I hired a car to take us an hour up the windy, bumpy, rocky red dirt road to Kashasha Village. It was pouring rain and we arrived a little late. When the two white women entered the church -- one fully decked out with a shotgun mic and headphones -- you could have heard a ant crawl across the concrete floor. Every eye was trained on my microphone. The service lasted over 2 hours and included a rather hilarious performance by the vocational secondary school students of the story from the gospel of Luke about Lazarus and the Rich Man. I thought it particularly funny that the rich man spoke english while all the other actors spoke kiswahili and the local tribal language, Haya.

The conclusion of the church proceedings is for all the congregants to file out and conduct an auction of fruit and goods to benefit the church. Someone bought for Gayle and me a bag of passionfruit and a bag of oranges. It feels quite strange to be given gifts from people who have so little, but of course we could not refuse them.

Then, after the final prayer, the pastor made an announcement that I was here to talk about the epidemic of Omunepo with the elders and he invited them to join me inside the church. We sat in a circle, about 16 elders and me, and it was something of a group disussion on the topic - with the pastor translating for me. Many were in their late 60s and 70s and remembered the events quite well. At one point, one began singing a song -- the laughing song -- and soon the entire circle was singing and I was laughing and laughing. But, it's ok, we were all able to stop laughing without any trouble at all.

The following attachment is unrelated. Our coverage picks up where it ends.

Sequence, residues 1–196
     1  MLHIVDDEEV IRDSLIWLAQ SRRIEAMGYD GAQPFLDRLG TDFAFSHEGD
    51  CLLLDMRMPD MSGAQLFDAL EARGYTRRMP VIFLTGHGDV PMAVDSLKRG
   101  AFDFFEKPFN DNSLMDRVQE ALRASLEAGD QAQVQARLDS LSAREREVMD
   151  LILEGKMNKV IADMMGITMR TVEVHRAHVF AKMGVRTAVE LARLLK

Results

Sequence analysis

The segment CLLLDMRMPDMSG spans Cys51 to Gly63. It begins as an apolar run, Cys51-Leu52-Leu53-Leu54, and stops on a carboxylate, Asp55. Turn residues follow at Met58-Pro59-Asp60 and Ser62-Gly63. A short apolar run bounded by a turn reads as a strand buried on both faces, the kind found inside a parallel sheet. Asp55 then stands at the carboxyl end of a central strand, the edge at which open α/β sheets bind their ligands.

Then, the pastor took us around the site where this Omunepo is reported to have begun. It's now a vocational school where he is the headmaster. Another epidemic, AIDS, has ravished this region and much of his difficulties as a school headmaster are compounded by the masses of orphans which are here and unable to pay school fees.

On Saturday night, I went to the beach with a group of European aid workers...some of whom are volunteers at an orphanage here. They told me that it is quite common for rural children to be told, after their parents have died of HIV, to walk to Bukoba and look for work. These are children of 8,9 years old. They come to town with bloody feet from DAYS of walking and have no money, no family. A crazy older woman takes them in -- she has over a hundred -- but she is crazy and she beats them and is sometimes quite awful to them. "But she does take them in" a canadian said with resignation. "How do I get Angelina Jolie to come here?" I asked, jokingly to lighten the mood. I was told that the Tanzanian state forbids foreign adoption, but provides no assistance at all for orphans.